Incredible opportunities

India’s homogeneous market size endowed with growing incomes and changing lifestyles has created incredible market opportunities for food producers, machinery makers, food technology and service providers. Food processing industries has great export and employment potential. The policies are investor-friendly and more importantly technological and human resources are available aplenty in the country. The competitive edge enjoyed in terms of raw material and labour offers lucrative opportunities.



However, poor perception of quality and the indifferent image of Indian products are preventing Indian food products to penetrate global markets in a big way. While developing countries like Thailand have exploited the global markets in a big way by fine-tuning quality management aspects of their food processing industry, India is yet to make headway on this front.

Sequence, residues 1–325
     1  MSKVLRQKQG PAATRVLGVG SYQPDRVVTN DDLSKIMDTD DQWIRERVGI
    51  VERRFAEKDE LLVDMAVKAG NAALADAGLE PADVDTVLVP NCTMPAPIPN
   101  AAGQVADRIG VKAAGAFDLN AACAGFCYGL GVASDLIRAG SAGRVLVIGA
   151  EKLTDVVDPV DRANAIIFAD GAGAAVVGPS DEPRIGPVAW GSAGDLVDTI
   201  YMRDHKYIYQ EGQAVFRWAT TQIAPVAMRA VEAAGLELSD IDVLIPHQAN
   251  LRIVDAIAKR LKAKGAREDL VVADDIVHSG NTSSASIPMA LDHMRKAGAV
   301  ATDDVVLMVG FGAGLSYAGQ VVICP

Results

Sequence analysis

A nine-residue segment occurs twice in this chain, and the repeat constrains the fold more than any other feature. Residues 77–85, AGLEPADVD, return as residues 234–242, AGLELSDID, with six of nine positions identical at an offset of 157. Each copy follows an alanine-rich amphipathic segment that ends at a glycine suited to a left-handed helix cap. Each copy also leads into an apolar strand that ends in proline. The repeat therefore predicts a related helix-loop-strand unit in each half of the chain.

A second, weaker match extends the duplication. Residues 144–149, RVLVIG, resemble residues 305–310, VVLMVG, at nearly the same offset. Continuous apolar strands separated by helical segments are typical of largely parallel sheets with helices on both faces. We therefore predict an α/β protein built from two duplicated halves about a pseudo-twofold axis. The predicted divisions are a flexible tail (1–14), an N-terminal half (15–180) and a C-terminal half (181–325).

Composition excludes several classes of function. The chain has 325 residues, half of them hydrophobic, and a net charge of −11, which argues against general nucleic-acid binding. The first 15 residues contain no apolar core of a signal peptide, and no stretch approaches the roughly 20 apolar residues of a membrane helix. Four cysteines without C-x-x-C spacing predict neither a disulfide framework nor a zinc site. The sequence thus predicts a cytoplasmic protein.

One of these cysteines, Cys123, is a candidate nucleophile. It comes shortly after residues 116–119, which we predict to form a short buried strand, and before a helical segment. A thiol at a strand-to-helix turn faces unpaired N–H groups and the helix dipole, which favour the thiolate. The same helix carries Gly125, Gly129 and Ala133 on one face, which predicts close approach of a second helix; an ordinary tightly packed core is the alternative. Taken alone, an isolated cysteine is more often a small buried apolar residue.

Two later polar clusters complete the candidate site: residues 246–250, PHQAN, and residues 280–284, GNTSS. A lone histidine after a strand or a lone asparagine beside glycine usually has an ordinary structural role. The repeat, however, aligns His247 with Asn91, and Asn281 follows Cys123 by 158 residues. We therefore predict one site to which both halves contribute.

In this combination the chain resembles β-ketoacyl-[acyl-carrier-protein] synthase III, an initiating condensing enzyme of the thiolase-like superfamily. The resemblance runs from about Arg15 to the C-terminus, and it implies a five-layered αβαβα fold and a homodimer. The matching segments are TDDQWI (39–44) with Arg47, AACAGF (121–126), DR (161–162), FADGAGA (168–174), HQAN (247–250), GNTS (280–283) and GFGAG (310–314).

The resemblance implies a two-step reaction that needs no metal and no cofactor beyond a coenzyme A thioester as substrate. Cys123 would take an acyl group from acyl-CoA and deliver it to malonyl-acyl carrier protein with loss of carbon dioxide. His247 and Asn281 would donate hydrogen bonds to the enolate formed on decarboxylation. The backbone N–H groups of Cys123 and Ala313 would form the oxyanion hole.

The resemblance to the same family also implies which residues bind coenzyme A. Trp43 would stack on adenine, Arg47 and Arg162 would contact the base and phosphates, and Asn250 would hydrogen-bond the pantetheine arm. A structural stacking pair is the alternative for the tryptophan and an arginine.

Rules & regulations

The Indian government is making headway in quality assurance in the food processing industry by bringing in various rules and regulations. One can see them being well-implemented at various food fairs as well as industry body events taking place across the country throughout the year. Various laboratories are also being set up with the help of government for research and development in quality management. The rules and regulations are also looked into from time to time by industry body and the industry. Some of the vital rules and regulations that comprise the growing awareness of quality assurance include: